“Vegas is a funny town,” said Jimmy Kimmel during his emotional opening monologue for Jimmy Kimmel Live on Monday night. “It’s easy to forget people live there.”
The late-night host would know: Kimmel is a Vegas native himself, having moved there from Brooklyn when he was 9. So when he launched into his introduction to Monday night’s show, just one day after a shooter, 64-year-old Stephen Paddock of Mesquite, Nevada, opened fire on a crowd of concertgoers outside Las Vegas’s Mandalay Bay Hotel, the news was particularly poignant. James Corden, Trevor Noah, Stephen Colbert, and Seth Meyers all, like Kimmel, devoted their opening monologues to discussing the shooting in Las Vegas.
But Kimmel, who has recently found a calling transforming his show into a political conscience (even though, as he said Monday night, “I want this to be a comedy show. I hate talking about stuff like this”), began tearing up as soon as the cameras started rolling, giving a particularly unfiltered perspective on gun control and the government’s continuing inaction in the face of mass shootings.
“It’s the kind of thing that makes you want to throw up or give up,” he said. “It’s too much to process.” He offered a scathing indictment of both the president, who offered his “warmest condolences” on Twitter while having signed a bill in February that allowed mentally ill individuals easier access to purchasing guns, as well as of the 56 senators who voted against closing a loophole that allows prospective gun buyers to evade the government-mandated background checks, showing their faces on screen and describing them as those “who won’t do anything about this because the NRA has their balls in a money clip.” For in the wake of various incidents of gun violence—Sandy Hook, Charleston, Orlando, now Las Vegas—the National Rifle Association has successfully lobbied in favor of second-amendment rights: “Our forefathers wanted us to have AK-47s, is the argument,” Kimmel said, incredulous.
Politicians’ inaction—and their widespread reluctance to turn mass shootings into mobilizing efforts in favor of stricter gun control—was the subject of the monologues of Kimmel’s peers, too. As Corden, whose voice also tightened as he delivered a quiet, measured speech, said, “Some say it’s too early to talk about gun control; for those victims last night, it’s far too late.” He, like Noah, is a recent New York transplant who has witnessed the two worst mass shootings since the mid-20th century in the past two years: First, at Pulse nightclub in Orlando, Florida last summer; and now, in Las Vegas, Nevada.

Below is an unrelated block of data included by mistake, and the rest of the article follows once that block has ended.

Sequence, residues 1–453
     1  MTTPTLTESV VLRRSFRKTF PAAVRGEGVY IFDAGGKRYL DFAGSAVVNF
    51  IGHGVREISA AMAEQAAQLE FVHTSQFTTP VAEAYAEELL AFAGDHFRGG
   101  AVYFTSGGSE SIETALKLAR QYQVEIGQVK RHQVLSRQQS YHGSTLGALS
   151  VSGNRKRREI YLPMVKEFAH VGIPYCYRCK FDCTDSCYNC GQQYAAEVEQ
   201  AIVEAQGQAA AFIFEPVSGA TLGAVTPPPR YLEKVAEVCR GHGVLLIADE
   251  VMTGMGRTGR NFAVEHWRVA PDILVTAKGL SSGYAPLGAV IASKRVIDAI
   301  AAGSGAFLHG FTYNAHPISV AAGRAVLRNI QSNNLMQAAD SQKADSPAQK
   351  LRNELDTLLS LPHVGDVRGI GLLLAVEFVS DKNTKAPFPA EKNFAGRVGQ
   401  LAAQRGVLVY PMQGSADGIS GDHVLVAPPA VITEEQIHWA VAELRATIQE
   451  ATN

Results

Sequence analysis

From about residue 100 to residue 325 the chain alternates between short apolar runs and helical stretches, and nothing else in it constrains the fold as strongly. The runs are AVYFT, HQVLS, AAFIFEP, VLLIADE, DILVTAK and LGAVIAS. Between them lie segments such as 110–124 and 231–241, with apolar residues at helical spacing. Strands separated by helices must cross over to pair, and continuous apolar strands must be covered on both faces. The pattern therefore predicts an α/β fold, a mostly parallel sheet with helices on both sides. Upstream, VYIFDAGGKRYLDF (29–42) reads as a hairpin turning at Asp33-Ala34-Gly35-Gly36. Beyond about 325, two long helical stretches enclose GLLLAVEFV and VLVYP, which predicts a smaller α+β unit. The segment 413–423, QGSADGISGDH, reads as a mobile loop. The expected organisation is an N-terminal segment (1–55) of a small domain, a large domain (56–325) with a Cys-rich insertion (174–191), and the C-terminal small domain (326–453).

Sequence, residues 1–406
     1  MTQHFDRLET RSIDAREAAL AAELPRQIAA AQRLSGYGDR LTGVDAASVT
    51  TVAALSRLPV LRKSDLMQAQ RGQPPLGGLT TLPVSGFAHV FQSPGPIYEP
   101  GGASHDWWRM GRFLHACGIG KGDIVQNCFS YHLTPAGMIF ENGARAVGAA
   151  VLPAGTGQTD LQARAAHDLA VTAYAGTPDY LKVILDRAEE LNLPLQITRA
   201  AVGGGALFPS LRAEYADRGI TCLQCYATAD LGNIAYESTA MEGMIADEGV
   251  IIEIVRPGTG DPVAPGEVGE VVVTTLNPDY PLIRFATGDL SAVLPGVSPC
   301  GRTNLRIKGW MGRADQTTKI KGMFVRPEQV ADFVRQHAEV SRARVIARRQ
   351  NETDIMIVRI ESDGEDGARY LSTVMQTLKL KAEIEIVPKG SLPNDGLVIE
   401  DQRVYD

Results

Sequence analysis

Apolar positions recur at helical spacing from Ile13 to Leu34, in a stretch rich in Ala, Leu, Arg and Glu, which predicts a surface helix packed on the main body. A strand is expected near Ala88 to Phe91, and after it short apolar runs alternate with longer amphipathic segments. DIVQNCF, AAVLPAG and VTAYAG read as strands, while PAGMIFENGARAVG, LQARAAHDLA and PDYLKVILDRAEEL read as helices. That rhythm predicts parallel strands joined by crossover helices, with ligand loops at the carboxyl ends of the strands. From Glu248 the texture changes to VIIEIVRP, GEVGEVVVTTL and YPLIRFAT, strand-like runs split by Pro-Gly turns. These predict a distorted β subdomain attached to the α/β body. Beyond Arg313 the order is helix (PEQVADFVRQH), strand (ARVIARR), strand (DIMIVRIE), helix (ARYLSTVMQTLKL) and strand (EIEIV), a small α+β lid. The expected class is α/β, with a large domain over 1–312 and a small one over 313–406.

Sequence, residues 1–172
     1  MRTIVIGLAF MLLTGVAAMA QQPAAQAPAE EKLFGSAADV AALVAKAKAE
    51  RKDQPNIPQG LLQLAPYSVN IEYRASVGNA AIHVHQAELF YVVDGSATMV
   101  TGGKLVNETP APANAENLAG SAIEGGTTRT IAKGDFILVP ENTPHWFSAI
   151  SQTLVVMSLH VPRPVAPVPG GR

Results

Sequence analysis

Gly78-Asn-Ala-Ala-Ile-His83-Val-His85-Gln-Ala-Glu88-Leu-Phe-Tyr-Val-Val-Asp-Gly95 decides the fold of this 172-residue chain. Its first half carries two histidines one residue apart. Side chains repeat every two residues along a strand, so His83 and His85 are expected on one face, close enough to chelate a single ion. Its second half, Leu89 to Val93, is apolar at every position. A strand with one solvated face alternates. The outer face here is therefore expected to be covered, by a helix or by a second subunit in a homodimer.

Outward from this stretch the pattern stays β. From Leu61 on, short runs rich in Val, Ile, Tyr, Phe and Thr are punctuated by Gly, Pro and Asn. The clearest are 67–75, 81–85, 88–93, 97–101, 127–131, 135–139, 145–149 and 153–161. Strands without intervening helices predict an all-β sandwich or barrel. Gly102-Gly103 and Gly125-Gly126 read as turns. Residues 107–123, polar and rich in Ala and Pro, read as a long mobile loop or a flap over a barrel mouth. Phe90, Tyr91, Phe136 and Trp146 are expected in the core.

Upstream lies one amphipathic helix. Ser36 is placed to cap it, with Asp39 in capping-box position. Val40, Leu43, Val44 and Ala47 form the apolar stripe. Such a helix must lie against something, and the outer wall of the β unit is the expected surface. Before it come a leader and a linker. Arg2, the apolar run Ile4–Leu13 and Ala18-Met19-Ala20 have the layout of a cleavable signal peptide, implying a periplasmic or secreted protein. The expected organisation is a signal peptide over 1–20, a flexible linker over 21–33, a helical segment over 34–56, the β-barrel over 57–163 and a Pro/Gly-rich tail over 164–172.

“It should be hard for everyone to fathom,” Corden said. “Gun violence should not be a staple of American life.”
And yet the response to these shootings—of which there have been 275 so far in 2017—has become rote. “People are becoming more accustomed to this kind of news. I almost know how it’s going to play out,” Noah said during The Daily Show on Monday night, a sentiment Meyers echoed opening Late Night With Seth Meyers. “We’re shocked, we’re sad, thoughts and prayers, and then, almost on cue, people are going to come out and say, whatever you do, when you speak about the shooting, don’t talk about guns,” Meyers said.
It’s not just that politicians have refused to pass gun control legislation that, as Stephen Colbert pointed out, “the vast majority of Americans want.” Later this week, a bill that would make it easier for individuals to purchase gun silencers—which, as Politico reported, currently have more stringent requirements for purchase than guns themselves—was expected to go up for a vote in the House of Representatives. However, Sunday night’s shooting is expected to delay the bill to some degree—for, at least, if elected leaders refuse to “politicize” an incident of gun violence as a way of promoting gun control, the converse is also true, that they will also be reluctant to promote gun (and gun accessory) access. As Noah said, “Don’t talk about guns.”
Colbert closed out The Late Show’s introductory monologue with a firm address directly to Trump: “Doing nothing is cowardice.” he said. “You want to make America great again? Do something the past two presidents haven’t been able to do: Pass any kind of common-sense gun control legislation.”
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